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Underwater understanding: A multimedia art installation increases ocean awareness

Updated: 
January 30, 2014 - 9:48pm

Lying on gallery MELD’s floor, a handful of people gazed up at dolphins and humpback whales swimming in the ocean.

The innocence, beauty and intelligence of the marine mammals are revealed in “Ocean,” an experiential art installation combining sculpture, sound and film to deepen visitors’ understanding of how essential the ocean is to life. The collaboration between internationally renowned artists Thais Mazur of Kona, Susan Alexjander of Portland, Ore., and Lisa Denning of Hawi, opened Wednesday at this contemporary art gallery, located at 74-5617 Pawai Place, Bay G, in Kailua-Kona, near the Kona Brewing Co. restaurant. The free exhibit is open to the public from 5 to 9 p.m. Tuesday to Sunday, through Feb. 14.

“Ocean” features Mazur’s room-sized sculpture, comprised of huge pieces of cloth stretched in multilayered parabolic shapes resembling sails. In this airy, yet confined and darkened space, it’s not unusual to see attendees’ hands occasionally reach out to connect with the images projected on the white sails.

The rules and rigors of everyday reality drift away in this environment. Haunting sounds, chosen by Alexjander, seem to breathe. Alexjander spent six months collecting sound samples. She then weaved the sounds of various creatures — such as whales, dolphins, shrimp, seals and walruses — with inner-earth sounds and a spinning pulsar for her “dreamscape” soundtrack, “Coming on the Backs of Whales.”

Here, the gallery’s solid walls appear to dissolve and disappear, transforming the space into a soothing, mystical spectacle. There’s a slow-paced simplicity to the carefully selected, awe-inspiring imagery by Denning that’s cycled over again. Denning has spent 15 years traveling to oceans, filming and photographing wild whales and dolphins. Those seen in “Ocean” are from waters off the Big Island, Bahamas and Dominican Republic.

At any time, viewers can enter and leave the tent-like structure as they please. When “Ocean” debuted four years ago in Mendocino, Calif., people would sometimes lie on their backs for hours, watching, engaging and feeling a part of the experience. The exhibit was seen then by hundreds of people, several of whom were repeat visitors.

By emerging people in this “sensory-rich, loving space” instead of a static one, Denning hopes the experience is felt in their bodies, especially their hearts, and inspires them to want to take action. She said “Ocean” further illuminates the idea that we’re all connected.

Mazur, the artistic director, said the exhibit helps viewers reimagine the ocean and “redream” how to help it.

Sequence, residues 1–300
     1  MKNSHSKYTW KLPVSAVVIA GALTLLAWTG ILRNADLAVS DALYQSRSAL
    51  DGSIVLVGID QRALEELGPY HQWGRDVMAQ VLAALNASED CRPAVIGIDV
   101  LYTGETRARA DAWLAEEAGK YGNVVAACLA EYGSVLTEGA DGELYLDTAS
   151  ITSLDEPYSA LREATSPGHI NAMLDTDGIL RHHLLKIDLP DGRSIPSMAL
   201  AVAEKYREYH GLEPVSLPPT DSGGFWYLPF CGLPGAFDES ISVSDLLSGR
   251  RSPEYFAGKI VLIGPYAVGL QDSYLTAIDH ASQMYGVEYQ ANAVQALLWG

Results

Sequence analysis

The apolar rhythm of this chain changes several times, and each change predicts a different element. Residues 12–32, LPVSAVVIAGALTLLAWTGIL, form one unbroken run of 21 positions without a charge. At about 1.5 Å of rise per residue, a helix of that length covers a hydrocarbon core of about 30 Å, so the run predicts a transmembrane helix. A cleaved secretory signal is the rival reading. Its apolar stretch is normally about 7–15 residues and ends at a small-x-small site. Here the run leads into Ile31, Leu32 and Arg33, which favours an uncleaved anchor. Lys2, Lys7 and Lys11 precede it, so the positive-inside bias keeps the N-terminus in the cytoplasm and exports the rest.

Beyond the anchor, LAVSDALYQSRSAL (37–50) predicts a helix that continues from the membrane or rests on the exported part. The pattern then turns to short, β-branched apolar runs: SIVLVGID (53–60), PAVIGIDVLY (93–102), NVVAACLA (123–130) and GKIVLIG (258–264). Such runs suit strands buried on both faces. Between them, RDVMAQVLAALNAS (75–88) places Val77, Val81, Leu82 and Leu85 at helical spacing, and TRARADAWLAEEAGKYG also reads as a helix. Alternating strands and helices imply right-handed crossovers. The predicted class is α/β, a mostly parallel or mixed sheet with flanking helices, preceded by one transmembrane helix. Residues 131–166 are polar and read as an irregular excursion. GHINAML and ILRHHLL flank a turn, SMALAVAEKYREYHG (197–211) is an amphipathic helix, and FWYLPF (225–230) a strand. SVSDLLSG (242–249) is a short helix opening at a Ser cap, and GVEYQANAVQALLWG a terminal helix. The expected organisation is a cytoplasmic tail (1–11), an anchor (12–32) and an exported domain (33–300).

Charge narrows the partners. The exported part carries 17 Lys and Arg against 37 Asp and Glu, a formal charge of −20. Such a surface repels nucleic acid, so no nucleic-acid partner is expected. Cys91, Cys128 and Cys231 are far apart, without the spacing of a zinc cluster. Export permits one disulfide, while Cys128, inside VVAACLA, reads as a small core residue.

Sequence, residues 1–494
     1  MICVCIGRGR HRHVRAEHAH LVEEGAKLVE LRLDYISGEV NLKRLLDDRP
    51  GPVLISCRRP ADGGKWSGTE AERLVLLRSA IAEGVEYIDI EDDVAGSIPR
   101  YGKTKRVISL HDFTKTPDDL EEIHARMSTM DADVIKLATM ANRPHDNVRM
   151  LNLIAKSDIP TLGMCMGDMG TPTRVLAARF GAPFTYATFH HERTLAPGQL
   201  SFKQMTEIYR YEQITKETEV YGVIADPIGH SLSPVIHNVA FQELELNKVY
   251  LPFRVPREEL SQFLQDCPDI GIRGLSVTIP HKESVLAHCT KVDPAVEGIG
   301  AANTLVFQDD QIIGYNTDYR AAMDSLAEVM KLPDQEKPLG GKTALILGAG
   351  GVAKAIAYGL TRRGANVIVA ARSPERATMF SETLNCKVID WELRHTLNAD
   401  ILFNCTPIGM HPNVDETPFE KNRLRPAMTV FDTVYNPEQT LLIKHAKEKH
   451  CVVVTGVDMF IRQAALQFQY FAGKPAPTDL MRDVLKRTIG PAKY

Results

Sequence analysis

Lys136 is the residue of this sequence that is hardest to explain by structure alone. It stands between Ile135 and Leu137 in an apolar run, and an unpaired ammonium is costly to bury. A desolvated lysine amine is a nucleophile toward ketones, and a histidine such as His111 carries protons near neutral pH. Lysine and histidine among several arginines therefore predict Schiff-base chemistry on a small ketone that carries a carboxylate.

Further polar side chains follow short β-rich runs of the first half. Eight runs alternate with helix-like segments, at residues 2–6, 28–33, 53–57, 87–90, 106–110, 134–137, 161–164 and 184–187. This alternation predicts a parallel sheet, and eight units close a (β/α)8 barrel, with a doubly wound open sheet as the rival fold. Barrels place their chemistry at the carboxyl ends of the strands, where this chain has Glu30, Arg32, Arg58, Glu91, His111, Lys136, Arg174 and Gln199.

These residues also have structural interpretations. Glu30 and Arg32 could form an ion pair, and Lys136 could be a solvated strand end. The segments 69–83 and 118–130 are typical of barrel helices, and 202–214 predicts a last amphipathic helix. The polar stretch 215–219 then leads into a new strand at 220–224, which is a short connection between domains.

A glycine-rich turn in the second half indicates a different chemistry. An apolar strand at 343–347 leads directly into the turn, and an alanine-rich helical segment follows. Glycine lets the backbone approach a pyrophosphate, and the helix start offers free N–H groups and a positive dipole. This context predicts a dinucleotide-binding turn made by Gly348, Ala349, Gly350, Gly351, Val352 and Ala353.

“It aims to be a catalyst for solving our critical projects — not just to rework them, but to transcend them,” she said. “For this transcendence to activate, we need a new view vision; a new myth. Many of us long to move beyond our own personal, limited perceptions of the world to find a story that speaks to our deepest longings for balance and planetary community. The language for this story is a dynamic creative force, revitalizing the very essence of life itself.”

“Ocean” is part of the recently launched Zuvuya, an international science and art project dedicated to increasing awareness of the ocean’s importance to life and to inspire action toward protecting and sustaining it for future generations. Zuvuya is the Mayan word for “the circuit by which everything returns to its source, connecting memory to the future as well as the past,” Mazur said.

The project will eventually feature educational presentations and displays that share various perspectives, relationships, songs and research pertaining to the ocean. There will also be community leaders and scientists talking about initiatives and stewardship opportunities for protecting ocean health in their region.

Mazur got the idea for Zuvuya after talking with Michael Stocker, Ocean Research Conservation founder, about how to make people aware of the devastation and growing issues pertaining to the ocean, but in a way that’s meaningful and allows for a personal, deeper-level connection. Zuvuya creates conversations. Any actions that follow are left to the audience’s discretion, Mazur said.

There is an effort to raise $5,000 in support of Zuvuya. As of Thursday afternoon, $1,375 had been donated on the project’s indiegogo crowdfunding site.

The plan is to take Zuvuya on a six-month tour to various Pacific Rim cities, including Lima, Peru; Auckland, New Zealand; Sydney and Mexico City. The project was launched in Hawaii and will end here because it’s the piko of the ring of fire, Mazur said.

Gallery MELD owner Kawika Duncan said hosting “Ocean” was just one way to engage his two passions simultaneously: nature conservancy and artistic expression. It was also perfect timing because those attending this weekend’s Kona Surf Film Festival may also be interested in checking out this free exhibit and supporting Zuvuya. “Ocean” allows families to have a unique underwater experience they can share together, he added.

Every month, Duncan has at least one unique event at his gallery. He believes the arts can make an effective contribution to creating a strong, cohesive, vibrant community. Duncan opened gallery MELD last summer with the hopes of keeping the arts alive in Kona. He’s determined to make “an amazingly modern artistic center” and a unique gathering place for people to comment, reflect, influence, interpret, inspire and bond.

Those wishing to learn more about “Ocean” or Zuvuya can attend a special evening with the artists at 7 p.m. Sunday. For more information, call gallery MELD at 326-4108 or visit zuvuyaproject.com.